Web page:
More articles by:

CounterPunch Magazine

minimag-edit

bernie-the-sandernistas-cover-344x550

zen economics

Weekend Edition
March 24, 2017
Friday - Sunday
Michael Hudson
Trump is Obama’s Legacy: Will this Break up the Democratic Party?
Eric Draitser
Donald Trump and the Triumph of White Identity Politics
Jeffrey St. Clair
Roaming Charges: Nothing Was Delivered
Andrew Levine
Ryan’s Choice
Joshua Frank
Global Coal in Freefall, Tar Sands Development Drying Up (Bad News for Keystone XL)
Anthony DiMaggio
Ditching the “Deep State”: The Rise of a New Conspiracy Theory in American Politics
Rob Urie
Boris and Natasha Visit Fantasy Island
John Wight
London and the Dreary Ritual of Terrorist Attacks
Paul Buhle
The CIA and the Intellectuals…Again
David Rosen
Why Did Trump Target Transgender Youth?
Vijay Prashad
Inventing Enemies
Ben Debney
Outrage From the Imperial Playbook
M. Shadee Malaklou
An Open Letter to Duke University’s Class of 2007, About Your Open Letter to Stephen Miller
Michael J. Sainato
Bernie Sanders’ Economic Advisor Shreds Trumponomics
Lawrence Davidson
Moral Failure at the UN
Pete Dolack
World Bank Declares Itself Above the Law
Nicola Perugini - Neve Gordon
Israel’s Human Rights Spies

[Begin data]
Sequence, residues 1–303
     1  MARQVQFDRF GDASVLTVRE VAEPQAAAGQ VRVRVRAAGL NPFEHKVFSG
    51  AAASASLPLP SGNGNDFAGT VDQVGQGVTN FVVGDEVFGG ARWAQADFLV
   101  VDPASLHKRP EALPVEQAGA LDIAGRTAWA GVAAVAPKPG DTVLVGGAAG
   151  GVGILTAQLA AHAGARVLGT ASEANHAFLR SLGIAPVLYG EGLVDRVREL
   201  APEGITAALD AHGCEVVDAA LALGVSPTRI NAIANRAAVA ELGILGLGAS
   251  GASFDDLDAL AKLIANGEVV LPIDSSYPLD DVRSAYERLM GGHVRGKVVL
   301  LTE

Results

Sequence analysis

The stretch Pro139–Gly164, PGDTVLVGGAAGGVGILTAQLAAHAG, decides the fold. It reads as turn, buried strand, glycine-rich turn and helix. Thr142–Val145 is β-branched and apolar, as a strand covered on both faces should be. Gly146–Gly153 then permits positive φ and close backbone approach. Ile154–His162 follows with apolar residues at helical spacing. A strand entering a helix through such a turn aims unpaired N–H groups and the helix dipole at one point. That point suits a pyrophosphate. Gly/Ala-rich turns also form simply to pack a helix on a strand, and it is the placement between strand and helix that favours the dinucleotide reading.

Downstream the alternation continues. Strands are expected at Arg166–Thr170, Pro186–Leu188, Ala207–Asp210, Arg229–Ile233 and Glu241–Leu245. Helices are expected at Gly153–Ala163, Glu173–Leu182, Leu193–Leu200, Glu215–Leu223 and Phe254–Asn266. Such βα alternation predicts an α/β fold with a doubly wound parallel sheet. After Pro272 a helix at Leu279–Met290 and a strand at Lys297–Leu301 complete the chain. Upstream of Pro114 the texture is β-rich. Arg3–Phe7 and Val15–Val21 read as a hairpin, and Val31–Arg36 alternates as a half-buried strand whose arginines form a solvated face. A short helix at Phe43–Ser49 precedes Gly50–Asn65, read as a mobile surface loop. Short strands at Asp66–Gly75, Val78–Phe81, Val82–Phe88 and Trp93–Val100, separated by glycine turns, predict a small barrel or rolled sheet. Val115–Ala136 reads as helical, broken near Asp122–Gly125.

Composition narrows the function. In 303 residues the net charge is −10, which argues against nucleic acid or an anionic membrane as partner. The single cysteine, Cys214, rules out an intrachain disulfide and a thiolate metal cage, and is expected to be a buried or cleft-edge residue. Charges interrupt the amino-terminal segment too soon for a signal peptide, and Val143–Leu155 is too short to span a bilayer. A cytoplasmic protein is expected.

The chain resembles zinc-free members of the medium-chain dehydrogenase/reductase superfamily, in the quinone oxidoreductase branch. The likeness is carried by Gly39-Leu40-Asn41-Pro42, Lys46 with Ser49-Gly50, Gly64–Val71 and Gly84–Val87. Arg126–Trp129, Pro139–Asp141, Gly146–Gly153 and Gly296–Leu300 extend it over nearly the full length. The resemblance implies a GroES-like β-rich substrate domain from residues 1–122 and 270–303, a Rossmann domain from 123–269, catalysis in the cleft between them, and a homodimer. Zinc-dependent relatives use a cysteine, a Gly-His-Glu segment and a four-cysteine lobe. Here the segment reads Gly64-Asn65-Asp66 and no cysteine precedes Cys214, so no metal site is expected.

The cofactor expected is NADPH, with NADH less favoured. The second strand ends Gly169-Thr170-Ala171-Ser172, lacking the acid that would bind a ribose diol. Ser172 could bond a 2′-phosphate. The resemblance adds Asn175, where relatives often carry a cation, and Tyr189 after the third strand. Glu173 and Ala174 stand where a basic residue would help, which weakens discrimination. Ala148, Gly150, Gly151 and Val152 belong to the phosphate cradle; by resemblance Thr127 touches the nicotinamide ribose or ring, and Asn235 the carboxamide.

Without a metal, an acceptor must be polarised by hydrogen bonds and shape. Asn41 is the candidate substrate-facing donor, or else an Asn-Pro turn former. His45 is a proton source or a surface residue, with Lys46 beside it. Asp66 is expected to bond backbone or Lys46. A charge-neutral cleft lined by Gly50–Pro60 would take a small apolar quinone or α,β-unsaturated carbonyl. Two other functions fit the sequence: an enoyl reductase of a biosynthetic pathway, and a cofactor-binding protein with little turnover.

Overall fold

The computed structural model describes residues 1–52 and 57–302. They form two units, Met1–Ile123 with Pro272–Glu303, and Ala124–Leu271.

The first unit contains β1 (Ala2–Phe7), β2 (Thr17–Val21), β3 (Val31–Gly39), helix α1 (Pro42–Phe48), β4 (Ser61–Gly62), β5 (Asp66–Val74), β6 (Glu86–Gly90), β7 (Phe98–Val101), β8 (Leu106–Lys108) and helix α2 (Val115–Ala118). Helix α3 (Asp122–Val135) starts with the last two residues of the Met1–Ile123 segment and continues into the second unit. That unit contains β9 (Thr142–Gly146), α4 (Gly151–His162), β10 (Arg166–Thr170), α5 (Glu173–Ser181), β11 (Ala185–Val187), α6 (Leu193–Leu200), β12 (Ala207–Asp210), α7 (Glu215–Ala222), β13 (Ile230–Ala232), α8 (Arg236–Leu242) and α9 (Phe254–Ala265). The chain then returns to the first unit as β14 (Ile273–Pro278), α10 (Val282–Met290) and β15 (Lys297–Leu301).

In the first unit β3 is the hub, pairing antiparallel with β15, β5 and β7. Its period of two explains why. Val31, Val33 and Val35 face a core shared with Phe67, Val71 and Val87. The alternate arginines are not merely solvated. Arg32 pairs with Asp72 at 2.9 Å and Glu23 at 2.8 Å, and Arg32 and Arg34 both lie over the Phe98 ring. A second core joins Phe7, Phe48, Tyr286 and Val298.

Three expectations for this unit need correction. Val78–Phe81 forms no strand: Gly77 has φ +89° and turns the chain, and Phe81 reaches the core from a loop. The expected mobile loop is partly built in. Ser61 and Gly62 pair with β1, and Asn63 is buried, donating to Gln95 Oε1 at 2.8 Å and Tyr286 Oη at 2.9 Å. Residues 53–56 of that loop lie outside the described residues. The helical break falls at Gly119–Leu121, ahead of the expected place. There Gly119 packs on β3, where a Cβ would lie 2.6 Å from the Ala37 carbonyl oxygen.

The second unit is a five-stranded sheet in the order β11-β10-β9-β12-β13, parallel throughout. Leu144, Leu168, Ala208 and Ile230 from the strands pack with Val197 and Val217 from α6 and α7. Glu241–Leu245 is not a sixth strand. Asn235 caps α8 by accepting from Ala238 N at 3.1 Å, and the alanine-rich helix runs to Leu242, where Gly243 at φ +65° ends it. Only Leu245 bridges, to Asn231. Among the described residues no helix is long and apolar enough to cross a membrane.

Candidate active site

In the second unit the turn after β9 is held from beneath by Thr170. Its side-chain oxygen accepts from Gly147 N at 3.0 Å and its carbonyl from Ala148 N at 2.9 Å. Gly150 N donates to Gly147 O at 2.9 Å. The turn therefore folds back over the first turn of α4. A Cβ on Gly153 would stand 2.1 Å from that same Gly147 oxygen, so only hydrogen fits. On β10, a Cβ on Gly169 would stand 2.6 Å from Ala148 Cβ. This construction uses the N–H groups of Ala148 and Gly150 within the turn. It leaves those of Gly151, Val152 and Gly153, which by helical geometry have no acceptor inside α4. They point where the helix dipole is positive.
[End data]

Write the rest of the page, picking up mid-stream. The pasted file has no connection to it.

Patrick Cockburn
From Paris to London: Another City, Another Attack
Ralph Nader
Reason and Justice Address Realities
Ramzy Baroud
‘Decolonizing the Mind’: Using Hollywood Celebrities to Validate Islam
Colin Todhunter
Monsanto in India: The Sacred and the Profane
Louisa Willcox
Grizzlies Under the Endangered Species Act: How Have They Fared?
Norman Pollack
Militarization of American Fascism: Trump the Usurper
Pepe Escobar
North Korea: The Real Serious Options on the Table
Brian Cloughley
“These Things Are Done”: Eavesdropping on Trump
Sheldon Richman
You Can’t Blame Trump’s Military Budget on NATO
Carol Wolman
Trump vs the People: a Psychiatrist’s Analysis
Kollibri terre Sonnenblume
Marines to Kill Desert Tortoises
Stanley L. Cohen
The White House . . . Denial and Cover-ups
Farhang Jahanpour
America’s Woes, Europe’s Responsibilities
Joseph Natoli
March Madness Outside the Basketball Court
Bill Willers
Volunteerism; Charisma; the Ivy League Stranglehold: a Very Brief Trilogy
Bruce Mastron
Slaughtered Arabs Don’t Count
Pauline Murphy
Unburied Truth: Exposing the Church’s Iron Chains on Ireland
Ayesha Khan
The Headscarf is Not an Islamic Compulsion
Ron Jacobs
Music is Love, Music is Politics
Christopher Brauchli
Prisoners as Captive Customers
Robert Koehler
The Mosque That Disappeared
Franklin Lamb
Update from Madaya
Dan Bacher
Federal Scientists Find Delta Tunnels Plan Will Devastate Salmon
Barbara Nimri Aziz
The Gig Economy: Which Side Are You On?
Louis Proyect
What Caused the Holodomor?
Max Mastellone
Seeking Left Unity Through a Definition of Progressivism
Charles R. Larson
Review: David Bellos’s “Novel of the Century: the Extraordinary Adventure of Les Misérables”
David Yearsley
Ear of Darkness: the Soundtracks of Steve Bannon’s Films
FacebookTwitterGoogle+RedditEmail